I would be extremely concerned about this vehicle. The fact that it was sold to you allegedly with a full service history is clearly a lie and the vehicle is seemingly not as described.
Iwould be worried that this vehicle has gone 23,000 miles without an oil change, concerned that the DPF filter which has a service interval of 75000 miles needs replenishing.
How in view of the patchy history do you know the vehicle has only covered 49,000 miles and hasn't been clocked?
I would be talking to Stratstone BMW big time and asking for my money back - I am sure BMW wouldn't like to hear that one of their dealershipps are misdescribing used cars on a BMW dealership forecourt.
Likewise I would think your local trading standards would very much like to be involved with an alleged prestige car dealer misselling vehicles.
This car sounds like it should have ben put to auction and not retailed.
I think unless you act swiftly you are going to be stuck with a vehicle which will give you much heartache and eventually cost you a lot more money.
I alsosuspect that as the car was retailed from a BMW dealer you probably paid top dollar for it?
I spent 30 years in the police and heard these sort of stories on a regular basis. My advice always was to contact the dealer and point out the vehicle was missold , ask for a refund. If they refuse point out that by telling you the vehicle had a full service history when it clearly hasn't they have ommitted an offence under The Sale of Goods Act and that you will be contacting trading Standards and BMW UK.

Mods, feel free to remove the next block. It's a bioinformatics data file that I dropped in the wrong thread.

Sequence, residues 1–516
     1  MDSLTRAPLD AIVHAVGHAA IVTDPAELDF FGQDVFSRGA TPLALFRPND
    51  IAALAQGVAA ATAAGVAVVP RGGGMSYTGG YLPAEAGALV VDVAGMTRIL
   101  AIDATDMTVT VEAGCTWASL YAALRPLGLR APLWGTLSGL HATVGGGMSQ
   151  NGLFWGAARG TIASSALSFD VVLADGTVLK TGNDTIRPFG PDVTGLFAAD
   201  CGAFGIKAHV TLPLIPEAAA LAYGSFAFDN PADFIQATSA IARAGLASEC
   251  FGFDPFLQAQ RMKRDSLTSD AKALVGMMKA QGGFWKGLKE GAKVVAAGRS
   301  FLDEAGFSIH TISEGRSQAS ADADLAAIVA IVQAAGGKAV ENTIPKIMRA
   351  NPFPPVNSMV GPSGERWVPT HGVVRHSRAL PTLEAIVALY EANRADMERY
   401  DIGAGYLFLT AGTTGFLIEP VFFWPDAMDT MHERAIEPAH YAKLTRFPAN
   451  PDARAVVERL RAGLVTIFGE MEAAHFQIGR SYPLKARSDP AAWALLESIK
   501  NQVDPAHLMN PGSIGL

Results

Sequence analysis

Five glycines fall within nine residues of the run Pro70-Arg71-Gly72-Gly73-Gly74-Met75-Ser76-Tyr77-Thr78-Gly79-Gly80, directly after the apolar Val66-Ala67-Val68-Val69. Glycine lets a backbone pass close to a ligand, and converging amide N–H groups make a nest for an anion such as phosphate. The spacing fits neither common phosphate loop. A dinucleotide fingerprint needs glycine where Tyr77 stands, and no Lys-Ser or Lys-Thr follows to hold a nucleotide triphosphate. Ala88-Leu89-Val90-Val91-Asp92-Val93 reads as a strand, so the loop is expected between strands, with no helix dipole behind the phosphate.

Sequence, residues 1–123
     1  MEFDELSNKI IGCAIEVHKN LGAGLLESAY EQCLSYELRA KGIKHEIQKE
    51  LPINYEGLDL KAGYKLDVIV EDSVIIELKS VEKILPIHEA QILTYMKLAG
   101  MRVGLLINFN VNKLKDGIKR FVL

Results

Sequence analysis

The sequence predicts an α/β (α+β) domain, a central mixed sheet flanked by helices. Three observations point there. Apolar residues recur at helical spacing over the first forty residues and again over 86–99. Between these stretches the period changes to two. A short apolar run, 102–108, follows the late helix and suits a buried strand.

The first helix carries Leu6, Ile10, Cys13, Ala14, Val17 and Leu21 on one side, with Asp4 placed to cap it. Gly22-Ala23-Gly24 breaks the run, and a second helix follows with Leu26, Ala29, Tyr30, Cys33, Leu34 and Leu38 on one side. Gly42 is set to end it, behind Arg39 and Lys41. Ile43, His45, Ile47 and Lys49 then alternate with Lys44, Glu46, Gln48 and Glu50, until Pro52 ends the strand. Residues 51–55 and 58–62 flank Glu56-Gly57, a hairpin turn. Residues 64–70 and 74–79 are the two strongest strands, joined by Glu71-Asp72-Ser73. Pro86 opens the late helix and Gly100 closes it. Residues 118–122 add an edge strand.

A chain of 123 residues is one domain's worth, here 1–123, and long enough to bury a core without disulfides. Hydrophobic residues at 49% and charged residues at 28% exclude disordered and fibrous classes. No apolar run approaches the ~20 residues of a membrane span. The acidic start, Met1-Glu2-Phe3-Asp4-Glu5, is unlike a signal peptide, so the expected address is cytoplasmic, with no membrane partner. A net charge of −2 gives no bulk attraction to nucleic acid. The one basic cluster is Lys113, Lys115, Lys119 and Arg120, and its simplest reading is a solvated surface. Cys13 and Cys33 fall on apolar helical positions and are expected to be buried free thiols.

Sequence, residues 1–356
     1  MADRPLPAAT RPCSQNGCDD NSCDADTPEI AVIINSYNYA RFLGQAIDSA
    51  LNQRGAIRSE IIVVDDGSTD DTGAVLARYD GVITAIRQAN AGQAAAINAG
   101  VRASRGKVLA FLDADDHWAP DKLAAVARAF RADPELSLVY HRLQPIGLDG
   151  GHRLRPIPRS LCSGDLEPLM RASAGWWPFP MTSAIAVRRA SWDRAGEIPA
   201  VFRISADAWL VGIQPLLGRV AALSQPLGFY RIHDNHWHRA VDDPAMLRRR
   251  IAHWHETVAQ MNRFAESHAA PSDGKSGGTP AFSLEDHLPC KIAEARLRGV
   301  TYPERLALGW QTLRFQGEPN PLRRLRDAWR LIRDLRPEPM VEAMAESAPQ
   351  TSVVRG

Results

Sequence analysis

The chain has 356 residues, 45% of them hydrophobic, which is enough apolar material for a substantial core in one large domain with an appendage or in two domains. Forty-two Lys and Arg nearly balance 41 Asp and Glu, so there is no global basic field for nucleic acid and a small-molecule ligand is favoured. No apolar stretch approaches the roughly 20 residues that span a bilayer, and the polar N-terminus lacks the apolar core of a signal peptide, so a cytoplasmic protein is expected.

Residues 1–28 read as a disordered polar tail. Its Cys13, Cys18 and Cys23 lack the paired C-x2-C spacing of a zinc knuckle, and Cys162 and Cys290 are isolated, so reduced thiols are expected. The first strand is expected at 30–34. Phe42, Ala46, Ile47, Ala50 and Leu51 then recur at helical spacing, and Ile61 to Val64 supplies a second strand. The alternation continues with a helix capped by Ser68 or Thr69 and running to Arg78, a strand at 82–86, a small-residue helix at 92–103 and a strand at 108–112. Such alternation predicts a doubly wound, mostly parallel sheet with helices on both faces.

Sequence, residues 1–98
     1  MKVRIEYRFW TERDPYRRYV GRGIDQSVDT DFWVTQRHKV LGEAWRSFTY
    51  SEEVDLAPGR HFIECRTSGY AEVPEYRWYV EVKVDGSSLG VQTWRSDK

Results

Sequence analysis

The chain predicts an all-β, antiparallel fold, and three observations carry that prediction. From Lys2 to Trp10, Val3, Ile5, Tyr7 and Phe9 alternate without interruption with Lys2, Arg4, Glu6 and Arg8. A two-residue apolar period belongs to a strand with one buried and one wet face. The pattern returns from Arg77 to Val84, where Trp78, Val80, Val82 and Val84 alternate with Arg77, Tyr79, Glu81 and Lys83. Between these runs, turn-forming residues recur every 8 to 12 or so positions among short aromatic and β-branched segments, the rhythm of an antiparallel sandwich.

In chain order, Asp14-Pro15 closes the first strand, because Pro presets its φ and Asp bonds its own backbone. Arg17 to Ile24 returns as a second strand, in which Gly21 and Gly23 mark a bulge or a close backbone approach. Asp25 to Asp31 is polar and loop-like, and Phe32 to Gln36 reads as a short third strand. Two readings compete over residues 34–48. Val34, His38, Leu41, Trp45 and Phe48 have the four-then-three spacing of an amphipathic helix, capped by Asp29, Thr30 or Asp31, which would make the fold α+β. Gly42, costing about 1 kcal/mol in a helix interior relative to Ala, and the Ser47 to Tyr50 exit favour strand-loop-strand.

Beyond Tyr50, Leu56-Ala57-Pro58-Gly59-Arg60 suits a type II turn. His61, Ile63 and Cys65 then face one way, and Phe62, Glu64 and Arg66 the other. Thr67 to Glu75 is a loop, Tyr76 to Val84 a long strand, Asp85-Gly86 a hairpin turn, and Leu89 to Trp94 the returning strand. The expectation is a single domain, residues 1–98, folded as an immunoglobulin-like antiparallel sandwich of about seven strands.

Here is some info on Sale of Goods Act:-
If you buy a product that turns out to be faulty, you can choose to 'reject' it: give it back and get your money back. However, the law gives you only a 'reasonable' time to do this â€“ what is reasonable depends on the product and how obvious the fault is. However, even with something like a car, you usually haveno more than three to four weeks from when you receive it to reject it.
When you buy goods you enter into a contract with the seller of those goods. Under the Sale of Goods Act 1979 goods must be:
'of satisfactory quality', and
'fit for purpose' â€“ this means both their everyday purpose, and also any specific purpose that you agreed with the seller (for example, if you specifically asked for a printer that would be compatible with your computer).
If your claim is about a problem that arises within six months of buying the product, it's up to the retailer to prove that the goods were fit for purpose â€“ or 'as described' â€“ when it sold them. It is also responsible for proving that the problem was caused by you (for example, because you had an accident with the item that damaged it). Beyond six months, it's up to you to prove that the problem was the retailer's.
57 Titanium 1.6 110 DPF, X Sport pack, panoramic roof,Sony 6 CD changer with voice control bluetooth.